Thank you for this great explanation. I’m a newbie at web development, and your description made perfect sense. My only question, is that when you reference Photoshop, I suspect that using Fireworks is analagous. I’m able to save in all the formats (.gif, .png, .jpg, etc) and I’m just wondering whether your saving as a big file, but rendering it smaller would work the same… I suspect so… Thanks, Dana.

  3. John O

    Excellent advice, thanks very much.

    Looking forward to trying it out tonight..

  4. Kathy

    Hi – I was just reading your post on saving images for the web. I am having trouble with a logo, and I can’t figure it out.

    It needs to be 85 px wide by 98 px high. I’ve created it in Illustrator at that particular size, then saved it for web (PNG 24) but it always looks blurry when
    I publish on IE7. It’s better on Firefox, but horrible on IE7.

    Any help would be appreciated….

    Thanks, Kathy

  5. Hello Kathy,

    I would try to open up the AI file in Photoshop and save it for the web from Photoshop and not Illustrator. I don’t use Illustrator much myself, but have had problems saving for the web.

  6. Grateful to have found your information! My friend had a huge graphic she sent to a printer as a .jpeg, for business cards, and they couldn’t get the image to downsize sharply.
    In PaintShop Pro X2, there’s no Save For Web Devices choice, but Save For Office gives Advanced Settings to re-size the image, chose quality & file type.
    Worked perfectly! I did use the unsharp mask to tweak the new image slightly. Thanks so much!

  7. peggy

    thank you for posting this. i’m helping a co-worker with their church banner which is currently very jagged in appearance and while i’m pretty good in some applications, I don’t know much photoshop or illustrator which I plan to change shortly. it is nice that to know that i don’t have to redraw the thing by hand because i’m not an artist.

  8. mare

    thank you for the advice. I was really annoyed already, wasting time, looking all over for the solution and feeling stupid… I hate jagged edges!

  9. Aegides

    great guide, thanks a lot.

    but there is on thing i can’t get right, my logo text size is 75 x 300.
    and no matter what i save my logo either in jpeg or png i am getting fuzzy
    text, how do i make it look perfect in text font size 38?

  10. Diego

    Thank you very much Alec,

    Very useful tutorial.

    I like the way you have included images step by step, comparing the different results.

    Well done!

  11. Malvika

    Thank you,I’m gonna try this right away!

  12. John O

    There aren’t many posts which are still relevant three years after they are written but I think this one will remain so for many more years to come. Proved very useful to me. Thanks again.

  13. GeoXman

    Speaking of current relevance. I know that Adobe Photoshop has really made some significant changes especially with CS6.

    Is there any recent changes worth noting, or is this still the best way?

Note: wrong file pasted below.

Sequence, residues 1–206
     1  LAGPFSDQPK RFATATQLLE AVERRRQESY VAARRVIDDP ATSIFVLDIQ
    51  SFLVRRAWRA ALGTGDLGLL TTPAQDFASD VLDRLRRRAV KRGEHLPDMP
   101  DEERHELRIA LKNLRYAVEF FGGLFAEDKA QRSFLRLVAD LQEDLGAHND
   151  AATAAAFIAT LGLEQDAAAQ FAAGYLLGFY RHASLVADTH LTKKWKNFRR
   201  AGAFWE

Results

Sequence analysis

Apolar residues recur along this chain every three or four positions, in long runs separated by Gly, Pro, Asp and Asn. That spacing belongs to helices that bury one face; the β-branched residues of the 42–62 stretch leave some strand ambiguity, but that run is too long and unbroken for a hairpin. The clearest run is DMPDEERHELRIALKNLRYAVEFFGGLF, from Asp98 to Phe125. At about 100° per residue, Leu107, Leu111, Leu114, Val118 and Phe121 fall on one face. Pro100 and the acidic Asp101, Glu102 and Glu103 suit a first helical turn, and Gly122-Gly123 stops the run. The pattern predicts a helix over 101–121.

I had figured out everything except the factor of 10. That was far from obvious, but makes sense.

  14. GeoXman

    Also, you speak of making the image to size to begin with. Do you have any tips regarding this. I have steered clear of working from such a small canvas but clearly that creates a much cleaner image.

  15. AC

    Great post…thx.

  16. Karen

    Thanks, I was almost at the verge of pulling my hair when I found your tips online.

    It worked like a charm. Like GeoXman I did everything right except for the factor of 10.

    Thanks a lot.

  17. Safely Unarmed

    I’m an IT admin, not a designer and I often have to resize logos for letterheads, email signatures etc.
    Your post has saved me hours of frustration, tinkering with settings and going back and forth with users…

    Thanks a lot.

  18. Misti

    Im going to cry. It didn’t work. I’ve been trying this for 12 hours.

  19. John O

    Hi Misti,

    Give us some more information.

    Alec’s advice on this page is excellent so I would say the problem lies elsewhere.

    Not sure if the admins will allow us to sort this out here, but if not we can take it offline.

    Either way we will try to get it sorted for you.



  20. Arpan J

    Really very helpful for me. I am very good experienced person in print media, and now I started working for web also, and really this tutorial helps me a lot. :)

  21. Jamie Lyons

    This was really helpful,.. I feel like opening champagne.

    I’ve been struggling with downsizing text for a while.

    I wanted a 250px wide text based logo.
    I made it 2500px
    Used the image resize to make it 250px using bicubic sharper.
    Then I saved for web using png24 using bicubic sharper also.

    Come up great, and I’m not even sure I followed all the steps correctly.

  22. Maria Prontera

    Please can you tell me how do you use the “Save for web” box in Photoshop when you save png or gif transparency? I’ve been tried in several ways.. always with terrible result :(

  23. Excellent explanation. The step by step instructions worked a treat. Thank you!

  24. Quite informative and helpful. Thanks for your sharing.

  25. Louise

    Thanks. You have given me hope. I’m self taught and text quality has been driving me mad! I don’t seem to have ‘save for web and devices’. Can I just open a new image at 10x the final size I want, design it all then ‘resize image’ and save as a GIF file? Suddenly seems too easy!

  26. Ahmed

    THANK YOU SIR, you have helped me tremendously!!! Everyone else online makes it seems impossible and time consuming and your technique saved me so much time.

  27. Thanks Ahmed. We are focused on making the difficult simple, in a platform agnostic way. IT companies (the new Apple included) are focused on crippling our abilities to do simple tasks without reliance on a single company.